About this book
This book is an economist's view of the health care marketplace. It exam ines the incentives of physicians, patients, firms and the role of government in the health care sector in a world of limited resources. Several themes run through this book. First, health care is a business. To an economist this means that firms maximize profits. Perhaps this is not always so, but I have yet to see a better theory of how health care firms behave. The health care industry, therefore, is not much different in eco nomic terms from other industries. At one time, economists pointed to the asymmetry of information between the physician provider and the patient as one difference between health care and other industries. Physicians often know a great deal about treating an illness while the patient knows little or nothing. But the movement toward managed care in the United States has partially closed the information gap (although perhaps creating other prob lems). Indeed, the advent of managed care has propelled health care into a business. Information is another theme of the book.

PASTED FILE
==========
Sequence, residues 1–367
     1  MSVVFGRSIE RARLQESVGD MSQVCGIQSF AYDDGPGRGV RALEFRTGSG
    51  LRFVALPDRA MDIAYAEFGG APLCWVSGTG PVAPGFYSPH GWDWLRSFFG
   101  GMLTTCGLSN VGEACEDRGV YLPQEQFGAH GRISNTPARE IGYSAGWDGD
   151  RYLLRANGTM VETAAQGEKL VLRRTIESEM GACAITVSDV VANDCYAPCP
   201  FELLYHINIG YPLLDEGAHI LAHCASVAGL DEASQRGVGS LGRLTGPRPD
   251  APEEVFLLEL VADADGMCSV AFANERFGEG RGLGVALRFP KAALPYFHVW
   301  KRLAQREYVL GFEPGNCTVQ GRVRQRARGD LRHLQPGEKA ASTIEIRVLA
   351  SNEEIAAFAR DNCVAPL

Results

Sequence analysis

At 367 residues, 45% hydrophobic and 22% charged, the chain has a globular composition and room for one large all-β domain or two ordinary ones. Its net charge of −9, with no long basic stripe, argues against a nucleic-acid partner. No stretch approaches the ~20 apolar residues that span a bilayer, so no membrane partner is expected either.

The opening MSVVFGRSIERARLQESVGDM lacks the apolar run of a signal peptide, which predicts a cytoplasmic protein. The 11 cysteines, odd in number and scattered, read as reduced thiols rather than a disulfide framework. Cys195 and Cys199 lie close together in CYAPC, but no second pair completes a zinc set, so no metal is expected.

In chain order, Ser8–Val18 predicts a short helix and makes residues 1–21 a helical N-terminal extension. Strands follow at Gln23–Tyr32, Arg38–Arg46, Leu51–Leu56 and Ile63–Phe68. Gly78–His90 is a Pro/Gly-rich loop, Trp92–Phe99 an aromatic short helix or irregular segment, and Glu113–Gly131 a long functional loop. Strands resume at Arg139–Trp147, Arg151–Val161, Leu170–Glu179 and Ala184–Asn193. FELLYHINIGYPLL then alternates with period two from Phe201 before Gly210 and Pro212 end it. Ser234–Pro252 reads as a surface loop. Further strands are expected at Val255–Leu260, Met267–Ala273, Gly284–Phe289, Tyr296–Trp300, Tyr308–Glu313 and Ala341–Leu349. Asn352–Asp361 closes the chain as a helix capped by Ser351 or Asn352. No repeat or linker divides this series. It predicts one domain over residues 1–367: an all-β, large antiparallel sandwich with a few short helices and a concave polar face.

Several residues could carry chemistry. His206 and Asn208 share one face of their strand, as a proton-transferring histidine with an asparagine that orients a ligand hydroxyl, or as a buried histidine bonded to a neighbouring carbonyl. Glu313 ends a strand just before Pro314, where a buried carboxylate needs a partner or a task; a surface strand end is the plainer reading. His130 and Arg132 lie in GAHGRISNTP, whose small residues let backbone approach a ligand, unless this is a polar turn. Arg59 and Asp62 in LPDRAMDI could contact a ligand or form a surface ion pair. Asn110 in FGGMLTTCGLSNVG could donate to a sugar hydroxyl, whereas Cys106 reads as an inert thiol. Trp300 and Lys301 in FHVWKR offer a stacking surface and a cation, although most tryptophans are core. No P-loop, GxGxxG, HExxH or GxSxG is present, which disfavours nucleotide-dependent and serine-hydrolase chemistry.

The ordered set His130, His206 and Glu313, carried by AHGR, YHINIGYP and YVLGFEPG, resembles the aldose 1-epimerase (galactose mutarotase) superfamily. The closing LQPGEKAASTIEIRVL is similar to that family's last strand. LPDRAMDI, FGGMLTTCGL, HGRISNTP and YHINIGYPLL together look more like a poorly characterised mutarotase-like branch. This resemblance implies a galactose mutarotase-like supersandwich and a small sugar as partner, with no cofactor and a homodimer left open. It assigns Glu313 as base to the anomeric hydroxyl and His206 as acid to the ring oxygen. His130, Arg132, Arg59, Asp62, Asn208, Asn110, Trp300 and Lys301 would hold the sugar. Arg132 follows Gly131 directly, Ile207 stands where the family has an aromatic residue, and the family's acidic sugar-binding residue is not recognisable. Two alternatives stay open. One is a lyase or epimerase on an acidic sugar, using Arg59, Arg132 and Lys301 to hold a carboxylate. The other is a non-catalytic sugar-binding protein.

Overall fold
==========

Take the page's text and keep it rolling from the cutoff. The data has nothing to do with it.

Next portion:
Industrial Organization Public Sector care competition economics economy health health care hospital insurance integration organizations regulation service trust